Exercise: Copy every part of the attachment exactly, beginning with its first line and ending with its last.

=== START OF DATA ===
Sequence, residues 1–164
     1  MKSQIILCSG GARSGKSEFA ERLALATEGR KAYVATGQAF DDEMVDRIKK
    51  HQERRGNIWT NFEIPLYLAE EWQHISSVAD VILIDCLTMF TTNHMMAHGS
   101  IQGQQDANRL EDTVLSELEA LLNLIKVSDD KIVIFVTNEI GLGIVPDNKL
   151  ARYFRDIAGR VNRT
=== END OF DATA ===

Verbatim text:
Sequence, residues 1–164
     1  MKSQIILCSG GARSGKSEFA ERLALATEGR KAYVATGQAF DDEMVDRIKK
    51  HQERRGNIWT NFEIPLYLAE EWQHISSVAD VILIDCLTMF TTNHMMAHGS
   101  IQGQQDANRL EDTVLSELEA LLNLIKVSDD KIVIFVTNEI GLGIVPDNKL
   151  ARYFRDIAGR VNRT